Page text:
Hedging crude oil with options – a detailed example

By , CEO of Volcube.

A typical introductory text on options will contain payoff graphs that relate to ‘long put’ or ‘long call’ positions. Hedging is often described as simply a case of ‘buying puts’ for downside protection or ‘buying calls’ for upside security. But the details of the actual executable trade are frequently glossed over. Here we are going to look at a more detailed example to illustrate a more realistic reflection of the hedging process.

Let’s assume a trader has a certain exposure to crude oil. Specifically, let’s say he is long $1 million dollars of crude whose shortest dated future is trading at say $100. This could be because he is part of a small energy company holding physical inventory. Or perhaps he is part of a speculative trading team on an Energy dealing desk. Whatever the reason, let’s suppose the trader wishes to fully hedge his position from this price and lower, but he still wishes to benefit from any subsequent rally in the price of crude. In this case, his wishes are not really compatible with a simple futures strategy; selling futures equivalent to his entire exposure would fully hedge the downside risk but would not allow the trader to profit from any upside rally. In this case, buying put options makes more sense to fulfil the objective. So let’s work through the rough calculations required in our hypothetical case.

Firstly, the trader needs to figure out his equivalent exposure in terms of futures contracts; (available on the relevant derivatives exchange website; for example cmegroup.com). Looking at the futures contract specifications for crude oil shows that each future has a contract unit of 1000 barrels. In other words, each future relates to 1000 barrels of oil. So at a price of $100, the futures contract is worth $100,000. Therefore, a 1 million dollar exposure is equivalent to 10 futures contracts. Now let’s turn to the options market. The first point to note is the option contract multiplier. This tells the trader to how many contracts of the underlying (in this case a futures contract) each option relates. The simplest case (and most common in the case of futures options) is for the option contract multiplier to equal 1. Each options relates to a single futures contract. Other common multipliers are 10, 50, 100 or even 1000 lots of the underlying. It is vital to be sure on the correct multiplier, otherwise the hedge may be anything from 1000 times too small to 1000 times too large!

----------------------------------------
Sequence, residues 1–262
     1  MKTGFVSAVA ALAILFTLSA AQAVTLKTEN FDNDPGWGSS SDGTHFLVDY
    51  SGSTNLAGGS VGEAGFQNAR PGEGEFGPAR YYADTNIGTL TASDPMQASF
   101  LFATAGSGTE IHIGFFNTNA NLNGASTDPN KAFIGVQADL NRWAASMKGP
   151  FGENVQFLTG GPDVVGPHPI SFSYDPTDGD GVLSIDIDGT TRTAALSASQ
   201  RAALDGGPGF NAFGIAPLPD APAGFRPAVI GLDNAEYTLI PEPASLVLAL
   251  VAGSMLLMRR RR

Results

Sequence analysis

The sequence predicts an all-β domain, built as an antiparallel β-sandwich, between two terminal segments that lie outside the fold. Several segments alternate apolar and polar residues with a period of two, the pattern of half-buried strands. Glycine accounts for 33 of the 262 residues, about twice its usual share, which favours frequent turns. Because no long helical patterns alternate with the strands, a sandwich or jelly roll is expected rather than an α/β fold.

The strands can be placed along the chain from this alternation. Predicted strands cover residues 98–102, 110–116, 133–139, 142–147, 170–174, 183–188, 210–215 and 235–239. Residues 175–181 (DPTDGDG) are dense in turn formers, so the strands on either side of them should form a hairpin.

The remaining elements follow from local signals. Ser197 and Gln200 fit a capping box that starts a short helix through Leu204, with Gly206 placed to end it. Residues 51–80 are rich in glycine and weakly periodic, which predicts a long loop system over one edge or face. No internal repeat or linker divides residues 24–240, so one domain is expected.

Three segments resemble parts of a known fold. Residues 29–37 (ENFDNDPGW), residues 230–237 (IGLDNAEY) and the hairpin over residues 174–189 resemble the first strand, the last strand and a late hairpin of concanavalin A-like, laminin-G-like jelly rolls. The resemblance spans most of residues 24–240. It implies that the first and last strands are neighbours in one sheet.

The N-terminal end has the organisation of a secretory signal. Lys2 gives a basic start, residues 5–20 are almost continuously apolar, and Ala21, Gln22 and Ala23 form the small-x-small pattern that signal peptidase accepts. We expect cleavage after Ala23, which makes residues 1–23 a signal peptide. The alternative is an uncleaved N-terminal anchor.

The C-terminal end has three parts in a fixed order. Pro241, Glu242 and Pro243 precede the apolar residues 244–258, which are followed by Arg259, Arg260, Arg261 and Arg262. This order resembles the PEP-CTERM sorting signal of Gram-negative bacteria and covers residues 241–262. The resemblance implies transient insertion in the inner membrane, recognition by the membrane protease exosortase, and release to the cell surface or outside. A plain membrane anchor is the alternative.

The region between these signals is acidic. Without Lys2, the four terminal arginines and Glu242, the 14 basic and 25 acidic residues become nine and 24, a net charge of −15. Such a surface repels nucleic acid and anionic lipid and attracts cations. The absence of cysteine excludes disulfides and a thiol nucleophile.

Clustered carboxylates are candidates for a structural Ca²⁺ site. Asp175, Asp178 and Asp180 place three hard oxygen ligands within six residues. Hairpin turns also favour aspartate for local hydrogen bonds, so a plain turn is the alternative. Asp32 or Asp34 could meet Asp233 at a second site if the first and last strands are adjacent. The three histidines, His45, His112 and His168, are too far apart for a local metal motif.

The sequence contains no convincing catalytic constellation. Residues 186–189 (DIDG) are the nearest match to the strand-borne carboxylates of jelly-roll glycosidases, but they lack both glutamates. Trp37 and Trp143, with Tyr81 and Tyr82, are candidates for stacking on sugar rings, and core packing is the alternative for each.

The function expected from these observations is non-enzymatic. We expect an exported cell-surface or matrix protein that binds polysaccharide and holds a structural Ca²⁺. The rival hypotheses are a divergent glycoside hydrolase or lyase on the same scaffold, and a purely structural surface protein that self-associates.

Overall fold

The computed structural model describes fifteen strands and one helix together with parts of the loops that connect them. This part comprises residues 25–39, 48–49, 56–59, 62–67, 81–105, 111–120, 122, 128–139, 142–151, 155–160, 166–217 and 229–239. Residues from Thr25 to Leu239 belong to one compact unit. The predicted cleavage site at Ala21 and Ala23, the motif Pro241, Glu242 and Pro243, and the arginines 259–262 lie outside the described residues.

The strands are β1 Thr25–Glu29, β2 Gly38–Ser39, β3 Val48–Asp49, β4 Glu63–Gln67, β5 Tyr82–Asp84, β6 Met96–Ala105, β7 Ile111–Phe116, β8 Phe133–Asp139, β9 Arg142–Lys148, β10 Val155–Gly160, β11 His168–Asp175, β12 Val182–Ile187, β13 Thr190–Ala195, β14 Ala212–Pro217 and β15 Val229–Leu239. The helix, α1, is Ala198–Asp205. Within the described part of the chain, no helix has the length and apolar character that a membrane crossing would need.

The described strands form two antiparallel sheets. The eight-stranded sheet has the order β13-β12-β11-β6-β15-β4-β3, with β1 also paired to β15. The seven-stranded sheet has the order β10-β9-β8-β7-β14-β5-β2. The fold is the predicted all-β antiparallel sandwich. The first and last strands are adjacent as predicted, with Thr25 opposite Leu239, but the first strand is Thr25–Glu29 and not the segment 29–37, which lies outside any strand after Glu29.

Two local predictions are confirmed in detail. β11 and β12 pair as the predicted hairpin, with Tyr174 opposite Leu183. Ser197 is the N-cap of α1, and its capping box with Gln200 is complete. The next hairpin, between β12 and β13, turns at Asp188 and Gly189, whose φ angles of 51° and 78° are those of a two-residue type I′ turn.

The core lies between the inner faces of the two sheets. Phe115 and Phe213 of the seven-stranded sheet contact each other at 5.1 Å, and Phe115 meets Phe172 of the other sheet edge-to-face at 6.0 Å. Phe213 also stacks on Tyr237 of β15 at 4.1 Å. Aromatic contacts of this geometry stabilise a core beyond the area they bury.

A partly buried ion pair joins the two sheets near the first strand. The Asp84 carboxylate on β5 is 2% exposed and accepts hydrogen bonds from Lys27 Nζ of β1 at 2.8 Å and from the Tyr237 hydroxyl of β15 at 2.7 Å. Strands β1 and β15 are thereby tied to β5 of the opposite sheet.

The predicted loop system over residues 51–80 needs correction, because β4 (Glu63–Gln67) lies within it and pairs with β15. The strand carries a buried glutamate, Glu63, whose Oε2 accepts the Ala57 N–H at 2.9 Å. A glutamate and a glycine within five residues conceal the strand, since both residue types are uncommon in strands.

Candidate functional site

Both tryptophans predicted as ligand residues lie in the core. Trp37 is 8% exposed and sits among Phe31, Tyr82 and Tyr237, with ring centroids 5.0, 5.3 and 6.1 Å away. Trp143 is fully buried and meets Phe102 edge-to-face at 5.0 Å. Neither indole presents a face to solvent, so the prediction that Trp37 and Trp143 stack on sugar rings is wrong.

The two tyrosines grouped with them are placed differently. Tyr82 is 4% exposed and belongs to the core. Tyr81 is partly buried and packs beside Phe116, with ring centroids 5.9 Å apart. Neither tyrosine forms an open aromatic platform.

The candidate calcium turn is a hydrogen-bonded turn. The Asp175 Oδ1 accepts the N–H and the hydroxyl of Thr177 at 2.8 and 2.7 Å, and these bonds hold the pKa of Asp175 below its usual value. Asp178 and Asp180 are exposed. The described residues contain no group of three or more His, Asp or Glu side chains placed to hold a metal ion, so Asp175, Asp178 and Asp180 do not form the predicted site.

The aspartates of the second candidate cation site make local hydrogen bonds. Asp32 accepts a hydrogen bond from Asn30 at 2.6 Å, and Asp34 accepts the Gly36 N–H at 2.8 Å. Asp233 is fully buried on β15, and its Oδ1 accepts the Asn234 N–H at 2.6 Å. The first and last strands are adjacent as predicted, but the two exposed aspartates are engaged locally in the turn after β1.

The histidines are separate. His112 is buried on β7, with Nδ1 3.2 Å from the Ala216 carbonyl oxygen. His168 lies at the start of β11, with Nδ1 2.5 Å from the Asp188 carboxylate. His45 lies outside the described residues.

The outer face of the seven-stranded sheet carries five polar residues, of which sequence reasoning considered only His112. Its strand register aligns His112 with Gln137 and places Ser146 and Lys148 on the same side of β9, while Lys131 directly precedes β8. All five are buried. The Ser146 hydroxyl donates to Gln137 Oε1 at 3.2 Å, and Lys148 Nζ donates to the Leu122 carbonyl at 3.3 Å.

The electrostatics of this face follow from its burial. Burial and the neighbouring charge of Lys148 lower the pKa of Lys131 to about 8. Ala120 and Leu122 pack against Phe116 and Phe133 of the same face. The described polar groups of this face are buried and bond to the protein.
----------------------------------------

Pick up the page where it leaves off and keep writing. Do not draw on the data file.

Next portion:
Let’s assume the multiplier in this case is 1. Here then the trader needs to buy 10 at-the-money put options to fully hedge his position to the downside. If the crude futures drop in value, he can exercise his put options and sell 10 crude futures at the previous price, which neutralises his profit and loss. If the crude futures price rallies, his puts will expire worthless; the loss is the price paid multiplied by the quantity bought multiplied by the contract size. This is the cost of the hedge; if the puts cost say $3 each, the loss would be $3 * 10 * 1000 = $30,000. However if the crude price rallies, the trader’s original exposure has been maintained, so he will gain on this leg of the portfolio. The break-even is at $103; here the cost of the hedge has been met by the profit from the original exposure.

To summarise, the hedging trader must :

  • calculate a total $ exposure
  • convert this into an equivalent number of lots of the underlying/futures market
  • convert this into a requisite number of options contracts for hedging purposes

When a trader is hedging in a new market for the first time, it is certainly advisable to return to first principles and calculate the payoff from each element of the portfolio in dollars and cents, at various prices in the underlying. The most common error is to over or under hedge by a factor (usually relating to either the contract size or the option multiplier). Since these can involve several zeroes, double checking is a must.

Have a question for the author? Happy to help! Email [email protected].

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This article is for educational purposes only. It is not a recommendation to trade or invest in particular futures and options.

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